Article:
My kids are now 17 and 15. They are from a new world and generation of fear and freedom that my husband and I never experienced growing up.
As a Helicopter Mom, I have ”hovered” while my Stephanie and Danny attended birthday parties, school festivities, and sporting events. As they’ve gotten older, I’ve conveniently hovered over the computer to sneak a glance at their Facebook conversations. This has nothing to do with having a uterus. My husband has done the same. Just not as often, and in his own special way.
I’m happy to report this parental hovering has served me well in Social Media. Yes there is a connection. We observe. We listen and read. We watch patiently.
Here are five benefits that being a Helicopter Parent offers us in Social Media networking, such as LinkedIn questions, forums, and especially online chats.
1. Case the joint. No, the chat is not akin to Dragnet or Adam-12. I don’t recommend sneaking around corners and hiding in shrubbery (Yes, I did that when the kids were in pre-school; just checking that they weren’t playing alone in the sandbox). Call it lurking or call it listening. The key is to simply hang around before the chat gets underway. Most people don’t arrive “fashionably late”; they start assembling well before the content starts buzzing. Note to self: Identify a few movers and shakers.
2. Pay attention. Hover and watch as the conversations unfold. This gives you insight into personalities, style, and expertise. Note to self: Jot down names and handles of people you can follow-up with after the chat. Who would you like to eventually connect with offline?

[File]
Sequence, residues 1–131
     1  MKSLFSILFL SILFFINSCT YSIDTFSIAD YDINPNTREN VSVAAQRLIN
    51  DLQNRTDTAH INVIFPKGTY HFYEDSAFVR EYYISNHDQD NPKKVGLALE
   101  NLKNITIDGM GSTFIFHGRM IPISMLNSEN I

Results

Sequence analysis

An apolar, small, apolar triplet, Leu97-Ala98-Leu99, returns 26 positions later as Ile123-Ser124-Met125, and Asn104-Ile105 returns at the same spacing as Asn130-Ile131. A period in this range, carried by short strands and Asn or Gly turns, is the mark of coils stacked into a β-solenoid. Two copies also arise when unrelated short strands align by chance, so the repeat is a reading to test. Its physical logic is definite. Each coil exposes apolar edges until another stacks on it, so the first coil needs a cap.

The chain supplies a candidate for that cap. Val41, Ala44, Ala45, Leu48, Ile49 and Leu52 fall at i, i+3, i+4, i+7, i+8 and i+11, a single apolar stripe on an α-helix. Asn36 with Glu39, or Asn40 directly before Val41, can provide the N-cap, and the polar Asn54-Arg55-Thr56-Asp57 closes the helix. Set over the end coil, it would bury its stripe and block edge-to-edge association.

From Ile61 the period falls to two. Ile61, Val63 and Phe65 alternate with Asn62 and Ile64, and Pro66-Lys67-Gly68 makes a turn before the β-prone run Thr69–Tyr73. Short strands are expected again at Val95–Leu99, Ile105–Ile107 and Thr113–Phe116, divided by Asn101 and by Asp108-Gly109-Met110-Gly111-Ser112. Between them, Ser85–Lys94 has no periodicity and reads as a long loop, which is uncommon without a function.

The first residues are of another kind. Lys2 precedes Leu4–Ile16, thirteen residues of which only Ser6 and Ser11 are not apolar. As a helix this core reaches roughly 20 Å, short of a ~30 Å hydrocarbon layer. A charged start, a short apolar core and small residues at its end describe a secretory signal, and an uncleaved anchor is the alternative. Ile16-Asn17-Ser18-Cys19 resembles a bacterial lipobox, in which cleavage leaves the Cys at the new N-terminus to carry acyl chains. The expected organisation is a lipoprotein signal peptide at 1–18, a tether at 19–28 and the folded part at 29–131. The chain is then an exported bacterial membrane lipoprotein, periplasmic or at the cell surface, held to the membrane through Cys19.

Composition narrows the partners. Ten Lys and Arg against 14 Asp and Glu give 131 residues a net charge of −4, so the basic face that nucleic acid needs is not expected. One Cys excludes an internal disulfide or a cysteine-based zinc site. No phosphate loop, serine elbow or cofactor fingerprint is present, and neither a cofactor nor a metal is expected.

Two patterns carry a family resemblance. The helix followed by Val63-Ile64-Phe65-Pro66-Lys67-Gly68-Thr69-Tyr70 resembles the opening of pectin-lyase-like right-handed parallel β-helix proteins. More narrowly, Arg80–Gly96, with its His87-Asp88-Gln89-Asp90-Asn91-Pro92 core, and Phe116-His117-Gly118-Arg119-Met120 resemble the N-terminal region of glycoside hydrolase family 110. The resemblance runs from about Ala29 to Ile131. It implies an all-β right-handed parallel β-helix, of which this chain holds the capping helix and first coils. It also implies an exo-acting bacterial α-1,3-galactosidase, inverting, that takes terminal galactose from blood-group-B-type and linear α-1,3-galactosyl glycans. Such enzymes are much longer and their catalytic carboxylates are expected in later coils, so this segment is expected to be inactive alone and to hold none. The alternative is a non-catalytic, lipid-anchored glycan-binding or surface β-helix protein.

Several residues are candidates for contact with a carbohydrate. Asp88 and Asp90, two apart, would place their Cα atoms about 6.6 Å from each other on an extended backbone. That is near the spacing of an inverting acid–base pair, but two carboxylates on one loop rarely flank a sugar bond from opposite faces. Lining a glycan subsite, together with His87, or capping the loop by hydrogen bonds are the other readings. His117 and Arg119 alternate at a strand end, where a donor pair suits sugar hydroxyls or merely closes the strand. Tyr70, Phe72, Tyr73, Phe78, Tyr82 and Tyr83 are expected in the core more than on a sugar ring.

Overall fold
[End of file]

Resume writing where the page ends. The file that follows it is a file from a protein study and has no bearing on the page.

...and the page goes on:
3. Look for clues. If you pay close attention before jumping into conversations, you’ll notice who the naysayers and rebels are. Who are the stronger personalities that may clash with others? Do you want to engage with them during the chat or could it be an effort in futility? Some people know everything. That’s nice. Note to self: Avoid toxicity whenever possible.
4. Recognize the BFF’s. When you hover, you’ll notice those who have the friendly and long-time relationships. Look for history. Look for clues, like )), !!!!, OMG, and . Do you want to try and jump into these conversations and inside jokes with the Best Friends Forever? It could be awkward. Note to self: There are cliques of people everywhere. Enter at your own risk.
5. Watch their language. If your goal is to learn more about an ancillary or vertical niche that you’re not well-versed in, notice the lingo, acronyms, and industry jargon that’s being thrown around. Note to self: Do your homework. Read trade publications and subscribe to blogs and e-zines.
You can learn plenty from being a fly on the wall and hovering for 10 or 15 minutes. These tips lead to building rapport, interpersonal relationships, and business.
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(Photo Credit: Michael Ransburg)